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An RNA structure-mediated, posttranscriptional model of human α-1-antitrypsin expression

  1. Alain Laederacha,b,1
  1. aDepartment of Biology, University of North Carolina at Chapel Hill, Chapel Hill, NC 27599;
  2. bCurriculum in Bioinformatics and Computational Biology, University of North Carolina at Chapel Hill, Chapel Hill, NC 27599;
  3. cDepartment of Microbiology and Immunology, University of North Carolina at Chapel Hill, Chapel Hill, NC 27599;
  4. dLineberger Comprehensive Cancer Center, University of North Carolina at Chapel Hill, Chapel Hill, NC 27599;
  5. eDepartment of Chemistry, University of North Carolina at Chapel Hill, Chapel Hill, NC 27599;
  6. fDepartment of Biochemistry and Biophysics, University of North Carolina at Chapel Hill, Chapel Hill, NC 27599
  1. Edited by Rachel Green, Johns Hopkins University, Baltimore, MD, and approved October 19, 2017 (received for review April 20, 2017)


Protein and mRNA expression are in most cases poorly correlated, which suggests that the posttranscriptional regulatory program of a cell is an important component of gene expression. This regulatory network is still poorly understood, including how RNA structure quantitatively contributes to translational control. We present here a series of structural and functional experiments that together allow us to derive a quantitative, structure-dependent model of translation that accurately predicts translation efficiency in reporter assays and primary human tissue for a complex and medically important protein, α-1-antitrypsin. Our model demonstrates the importance of accurate, experimentally derived RNA structural models partnered with Kozak sequence information to explain protein expression and suggests a strategy by which α-1-antitrypsin expression may be increased in diseased individuals.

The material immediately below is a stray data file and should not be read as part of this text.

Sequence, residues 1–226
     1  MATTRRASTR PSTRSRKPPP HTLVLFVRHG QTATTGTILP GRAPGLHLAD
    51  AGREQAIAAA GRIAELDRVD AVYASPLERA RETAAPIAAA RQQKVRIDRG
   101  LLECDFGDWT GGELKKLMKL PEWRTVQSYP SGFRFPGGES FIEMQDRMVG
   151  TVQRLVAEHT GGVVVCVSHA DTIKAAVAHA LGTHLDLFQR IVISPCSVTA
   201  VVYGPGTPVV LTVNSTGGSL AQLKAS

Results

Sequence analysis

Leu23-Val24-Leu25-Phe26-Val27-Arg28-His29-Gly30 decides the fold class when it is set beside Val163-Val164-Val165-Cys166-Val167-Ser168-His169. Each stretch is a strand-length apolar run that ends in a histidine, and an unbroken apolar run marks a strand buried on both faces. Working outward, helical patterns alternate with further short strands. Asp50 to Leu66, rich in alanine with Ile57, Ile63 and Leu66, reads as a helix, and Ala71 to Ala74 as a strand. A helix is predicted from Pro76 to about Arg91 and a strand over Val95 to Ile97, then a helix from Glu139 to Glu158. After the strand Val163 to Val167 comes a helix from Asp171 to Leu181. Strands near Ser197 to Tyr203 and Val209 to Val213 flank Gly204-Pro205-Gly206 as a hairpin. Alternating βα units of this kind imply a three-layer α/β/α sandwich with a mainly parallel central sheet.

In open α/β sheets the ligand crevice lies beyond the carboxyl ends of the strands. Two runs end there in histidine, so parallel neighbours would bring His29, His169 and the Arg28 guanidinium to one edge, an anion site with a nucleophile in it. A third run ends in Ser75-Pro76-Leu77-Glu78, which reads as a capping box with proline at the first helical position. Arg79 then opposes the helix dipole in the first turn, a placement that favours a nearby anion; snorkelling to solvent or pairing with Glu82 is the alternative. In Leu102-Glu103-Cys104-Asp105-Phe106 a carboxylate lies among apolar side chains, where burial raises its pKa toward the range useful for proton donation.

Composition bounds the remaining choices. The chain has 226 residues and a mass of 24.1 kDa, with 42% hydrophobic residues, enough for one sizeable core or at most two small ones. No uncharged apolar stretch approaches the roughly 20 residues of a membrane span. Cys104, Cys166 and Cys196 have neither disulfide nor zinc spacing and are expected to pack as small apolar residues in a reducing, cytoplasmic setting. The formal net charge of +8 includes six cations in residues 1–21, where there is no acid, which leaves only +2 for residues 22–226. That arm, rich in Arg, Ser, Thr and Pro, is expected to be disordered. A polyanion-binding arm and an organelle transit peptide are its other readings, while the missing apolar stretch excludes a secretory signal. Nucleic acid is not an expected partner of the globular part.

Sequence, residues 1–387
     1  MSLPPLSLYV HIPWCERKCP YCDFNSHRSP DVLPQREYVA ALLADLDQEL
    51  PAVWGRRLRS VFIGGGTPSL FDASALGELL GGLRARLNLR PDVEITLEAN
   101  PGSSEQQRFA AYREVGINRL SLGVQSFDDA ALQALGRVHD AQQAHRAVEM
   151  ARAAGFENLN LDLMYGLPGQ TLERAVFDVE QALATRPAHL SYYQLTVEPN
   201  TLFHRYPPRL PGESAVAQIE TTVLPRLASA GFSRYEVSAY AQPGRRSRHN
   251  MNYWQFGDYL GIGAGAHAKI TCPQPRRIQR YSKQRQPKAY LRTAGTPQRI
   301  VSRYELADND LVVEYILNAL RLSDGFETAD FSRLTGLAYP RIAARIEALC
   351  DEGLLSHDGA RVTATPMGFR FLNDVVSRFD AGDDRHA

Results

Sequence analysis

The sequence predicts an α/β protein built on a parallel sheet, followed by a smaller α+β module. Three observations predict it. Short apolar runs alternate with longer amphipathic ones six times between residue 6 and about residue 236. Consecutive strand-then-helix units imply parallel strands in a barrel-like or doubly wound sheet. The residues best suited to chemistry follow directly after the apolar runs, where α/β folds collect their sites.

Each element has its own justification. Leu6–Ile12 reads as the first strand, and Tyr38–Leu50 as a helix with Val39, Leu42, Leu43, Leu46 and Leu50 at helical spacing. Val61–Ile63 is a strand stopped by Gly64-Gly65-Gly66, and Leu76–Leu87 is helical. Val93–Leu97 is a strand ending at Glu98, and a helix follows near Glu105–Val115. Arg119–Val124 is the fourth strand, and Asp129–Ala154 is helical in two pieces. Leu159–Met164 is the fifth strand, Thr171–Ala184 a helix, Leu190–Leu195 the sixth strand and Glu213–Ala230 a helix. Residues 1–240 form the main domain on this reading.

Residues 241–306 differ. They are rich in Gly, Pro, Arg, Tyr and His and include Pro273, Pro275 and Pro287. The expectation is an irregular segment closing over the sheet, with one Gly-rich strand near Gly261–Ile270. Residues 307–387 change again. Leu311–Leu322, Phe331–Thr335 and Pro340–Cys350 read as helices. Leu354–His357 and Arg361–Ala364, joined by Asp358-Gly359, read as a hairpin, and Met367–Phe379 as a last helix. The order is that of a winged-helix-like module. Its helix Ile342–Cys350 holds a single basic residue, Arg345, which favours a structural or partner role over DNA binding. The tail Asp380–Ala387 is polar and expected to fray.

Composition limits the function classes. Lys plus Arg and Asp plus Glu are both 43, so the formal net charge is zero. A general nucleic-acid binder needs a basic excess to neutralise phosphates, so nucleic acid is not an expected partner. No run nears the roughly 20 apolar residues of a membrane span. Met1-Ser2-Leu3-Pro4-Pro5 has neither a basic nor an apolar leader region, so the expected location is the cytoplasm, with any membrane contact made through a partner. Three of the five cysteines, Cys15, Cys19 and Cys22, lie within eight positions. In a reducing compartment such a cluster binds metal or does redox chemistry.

Chronic obstructive pulmonary disease (COPD) affects over 65 million individuals worldwide, where α-1-antitrypsin deficiency is a major genetic cause of the disease. The α-1-antitrypsin gene, SERPINA1, expresses an exceptional number of mRNA isoforms generated entirely by alternative splicing in the 5′-untranslated region (5′-UTR). Although all SERPINA1 mRNAs encode exactly the same protein, expression levels of the individual mRNAs vary substantially in different human tissues. We hypothesize that these transcripts behave unequally due to a posttranscriptional regulatory program governed by their distinct 5′-UTRs and that this regulation ultimately determines α-1-antitrypsin expression. Using whole-transcript selective 2′-hydroxyl acylation by primer extension (SHAPE) chemical probing, we show that splicing yields distinct local 5′-UTR secondary structures in SERPINA1 transcripts. Splicing in the 5′-UTR also changes the inclusion of long upstream ORFs (uORFs). We demonstrate that disrupting the uORFs results in markedly increased translation efficiencies in luciferase reporter assays. These uORF-dependent changes suggest that α-1-antitrypsin protein expression levels are controlled at the posttranscriptional level. A leaky-scanning model of translation based on Kozak translation initiation sequences alone does not adequately explain our quantitative expression data. However, when we incorporate the experimentally derived RNA structure data, the model accurately predicts translation efficiencies in reporter assays and improves α-1-antitrypsin expression prediction in primary human tissues. Our results reveal that RNA structure governs a complex posttranscriptional regulatory program of α-1-antitrypsin expression. Crucially, these findings describe a mechanism by which genetic alterations in noncoding gene regions may result in α-1-antitrypsin deficiency.


  • ?1To whom correspondence should be addressed. Email: alain{at}unc.edu.

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